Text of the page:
Cory Nealon | newswise

Further reports about: Buffalo Earthquake Video conventional earthquake effects materials protective

All articles from Earth Sciences >>>

The most recent press releases about innovation >>>

Die letzten 5 Focus-News des innovations-reports im Überblick:

Im Focus: Atomic precision: technologies for the next-but-one generation of microchips

In the Beyond EUV project, the Fraunhofer Institutes for Laser Technology ILT in Aachen and for Applied Optics and Precision Engineering IOF in Jena are developing key technologies for the manufacture of a new generation of microchips using EUV radiation at a wavelength of 6.7 nm. The resulting structures are barely thicker than single atoms, and they make it possible to produce extremely integrated circuits for such items as wearables or mind-controlled prosthetic limbs.

In 1965 Gordon Moore formulated the law that came to be named after him, which states that the complexity of integrated circuits doubles every one to two...

Im Focus: Researchers demonstrate size quantization of Dirac fermions in graphene

Characterization of high-quality material reveals important details relevant to next generation nanoelectronic devices

Quantum mechanics is the field of physics governing the behavior of things on atomic scales, where things work very differently from our everyday world.

Im Focus: Graphene: A quantum of current

When current comes in discrete packages: Viennese scientists unravel the quantum properties of the carbon material graphene

In 2010 the Nobel Prize in physics was awarded for the discovery of the exceptional material graphene, which consists of a single layer of carbon atoms...

Im Focus: Transparent - Flexible - Printable: Key technologies for tomorrow’s displays

The trend-forward world of display technology relies on innovative materials and novel approaches to steadily advance the visual experience, for example through higher pixel densities, better contrast, larger formats or user-friendler design. Fraunhofer ISC’s newly developed materials for optics and electronics now broaden the application potential of next generation displays. Learn about lower cost-effective wet-chemical printing procedures and the new materials at the Fraunhofer ISC booth # 1021 in North Hall D during the SID International Symposium on Information Display held from 22 to 27 May 2016 at San Francisco’s Moscone Center.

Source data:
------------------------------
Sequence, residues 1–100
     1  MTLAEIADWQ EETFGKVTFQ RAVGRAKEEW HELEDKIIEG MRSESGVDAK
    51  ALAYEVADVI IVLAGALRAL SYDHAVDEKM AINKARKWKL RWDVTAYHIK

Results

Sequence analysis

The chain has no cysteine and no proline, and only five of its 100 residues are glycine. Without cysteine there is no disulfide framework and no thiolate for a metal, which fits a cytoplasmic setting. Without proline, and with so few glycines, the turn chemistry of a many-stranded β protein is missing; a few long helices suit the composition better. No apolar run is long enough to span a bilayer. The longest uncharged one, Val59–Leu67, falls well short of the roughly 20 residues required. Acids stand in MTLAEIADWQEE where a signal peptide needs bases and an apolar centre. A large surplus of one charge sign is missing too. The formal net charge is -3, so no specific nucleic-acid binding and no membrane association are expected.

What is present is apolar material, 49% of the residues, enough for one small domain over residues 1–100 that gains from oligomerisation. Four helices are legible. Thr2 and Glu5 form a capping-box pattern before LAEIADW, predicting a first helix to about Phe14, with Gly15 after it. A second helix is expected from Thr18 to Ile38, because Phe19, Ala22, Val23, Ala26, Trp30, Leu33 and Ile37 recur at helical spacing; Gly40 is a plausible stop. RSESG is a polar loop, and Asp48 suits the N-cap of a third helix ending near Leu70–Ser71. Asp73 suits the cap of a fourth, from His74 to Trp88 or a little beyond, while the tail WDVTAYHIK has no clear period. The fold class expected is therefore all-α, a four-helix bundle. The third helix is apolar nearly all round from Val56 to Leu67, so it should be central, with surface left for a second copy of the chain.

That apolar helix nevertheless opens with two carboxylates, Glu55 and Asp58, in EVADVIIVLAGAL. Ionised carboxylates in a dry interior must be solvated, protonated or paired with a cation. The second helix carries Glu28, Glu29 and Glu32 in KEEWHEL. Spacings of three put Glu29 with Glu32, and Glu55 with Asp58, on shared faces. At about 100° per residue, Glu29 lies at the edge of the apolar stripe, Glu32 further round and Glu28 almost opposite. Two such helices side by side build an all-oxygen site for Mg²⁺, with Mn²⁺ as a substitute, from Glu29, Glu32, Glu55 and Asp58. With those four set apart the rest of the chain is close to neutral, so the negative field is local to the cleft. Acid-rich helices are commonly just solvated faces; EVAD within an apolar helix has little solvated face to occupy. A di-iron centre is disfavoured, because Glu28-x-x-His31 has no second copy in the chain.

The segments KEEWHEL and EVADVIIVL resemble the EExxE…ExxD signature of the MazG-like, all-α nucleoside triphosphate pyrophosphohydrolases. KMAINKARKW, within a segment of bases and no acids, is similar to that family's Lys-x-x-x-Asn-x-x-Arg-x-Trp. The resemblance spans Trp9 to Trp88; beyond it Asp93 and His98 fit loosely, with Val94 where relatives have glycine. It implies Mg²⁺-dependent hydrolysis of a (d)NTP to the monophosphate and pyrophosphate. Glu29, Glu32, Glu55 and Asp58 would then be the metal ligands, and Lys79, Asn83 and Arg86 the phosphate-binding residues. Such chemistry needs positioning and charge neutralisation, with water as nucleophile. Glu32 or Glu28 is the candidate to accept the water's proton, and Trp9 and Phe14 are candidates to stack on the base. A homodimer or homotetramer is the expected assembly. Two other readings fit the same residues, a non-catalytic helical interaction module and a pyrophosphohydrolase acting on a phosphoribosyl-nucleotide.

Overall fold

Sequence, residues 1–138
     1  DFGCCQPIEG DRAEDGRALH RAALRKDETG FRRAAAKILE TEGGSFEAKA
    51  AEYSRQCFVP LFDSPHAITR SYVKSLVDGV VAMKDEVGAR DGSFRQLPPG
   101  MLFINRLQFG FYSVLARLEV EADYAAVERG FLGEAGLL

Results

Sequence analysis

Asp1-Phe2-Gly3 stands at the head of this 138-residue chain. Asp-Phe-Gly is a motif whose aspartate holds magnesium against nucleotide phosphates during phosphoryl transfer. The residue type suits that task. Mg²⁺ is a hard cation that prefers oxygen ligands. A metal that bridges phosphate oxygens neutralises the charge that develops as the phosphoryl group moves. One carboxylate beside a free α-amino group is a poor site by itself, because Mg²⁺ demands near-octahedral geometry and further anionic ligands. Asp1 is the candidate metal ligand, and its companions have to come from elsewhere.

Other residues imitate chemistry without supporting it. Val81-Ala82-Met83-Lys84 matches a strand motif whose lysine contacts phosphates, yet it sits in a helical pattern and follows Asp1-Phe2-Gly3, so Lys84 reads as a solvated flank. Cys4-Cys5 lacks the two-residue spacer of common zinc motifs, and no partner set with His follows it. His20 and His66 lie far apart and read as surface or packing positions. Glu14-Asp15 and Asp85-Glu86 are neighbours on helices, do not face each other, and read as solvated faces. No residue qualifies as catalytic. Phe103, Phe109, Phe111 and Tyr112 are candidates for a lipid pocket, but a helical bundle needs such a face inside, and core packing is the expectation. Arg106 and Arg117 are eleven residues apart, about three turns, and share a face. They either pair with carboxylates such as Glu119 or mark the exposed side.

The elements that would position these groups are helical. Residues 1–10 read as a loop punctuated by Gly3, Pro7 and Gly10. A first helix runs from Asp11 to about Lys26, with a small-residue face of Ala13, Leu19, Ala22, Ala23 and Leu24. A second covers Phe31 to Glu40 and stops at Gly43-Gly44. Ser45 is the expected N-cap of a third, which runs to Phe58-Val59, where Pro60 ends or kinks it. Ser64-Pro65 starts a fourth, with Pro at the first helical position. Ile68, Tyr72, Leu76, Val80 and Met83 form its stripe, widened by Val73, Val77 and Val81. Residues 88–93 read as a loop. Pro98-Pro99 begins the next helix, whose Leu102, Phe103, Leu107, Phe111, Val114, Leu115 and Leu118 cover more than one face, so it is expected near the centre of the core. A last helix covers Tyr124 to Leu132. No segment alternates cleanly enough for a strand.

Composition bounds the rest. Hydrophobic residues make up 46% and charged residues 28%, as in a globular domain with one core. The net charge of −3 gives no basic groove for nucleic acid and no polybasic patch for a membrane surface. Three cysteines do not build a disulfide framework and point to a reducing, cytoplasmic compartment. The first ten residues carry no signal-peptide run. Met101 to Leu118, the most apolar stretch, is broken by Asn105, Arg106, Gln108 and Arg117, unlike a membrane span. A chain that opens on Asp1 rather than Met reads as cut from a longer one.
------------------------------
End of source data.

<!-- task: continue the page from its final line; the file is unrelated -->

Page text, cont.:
Economical processing

Im Focus: Trojan horses for hospital bugs

Staphylococcus aureus usually is a formidable bacterial pathogen. Sometimes, however, weakened forms are found in the blood of patients. Researchers of the University of Würzburg have now identified one mutation responsible for that phenomenon.

Staphylococcus aureus is a bacterium that is frequently found on the human skin and in the nose where it usually behaves inconspicuously. However, once inside...

All Focus news of the innovation-report >>>

Anzeige

Anzeige

Event News

Networking 4.0: International Laser Technology Congress AKL’16 Shows New Ways of Cooperations

24.05.2016 | Event News

Challenges of rural labor markets

20.05.2016 | Event News

International expert meeting “Health Business Connect” in France

19.05.2016 | Event News

 
Latest News

Rutgers scientists help create world's largest coral gene database

24.05.2016 | Earth Sciences

New technique controls autonomous vehicles on a dirt track

24.05.2016 | Information Technology

Programmable materials find strength in molecular repetition

24.05.2016 | Materials Sciences

VideoLinks
B2B-VideoLinks
More VideoLinks >>>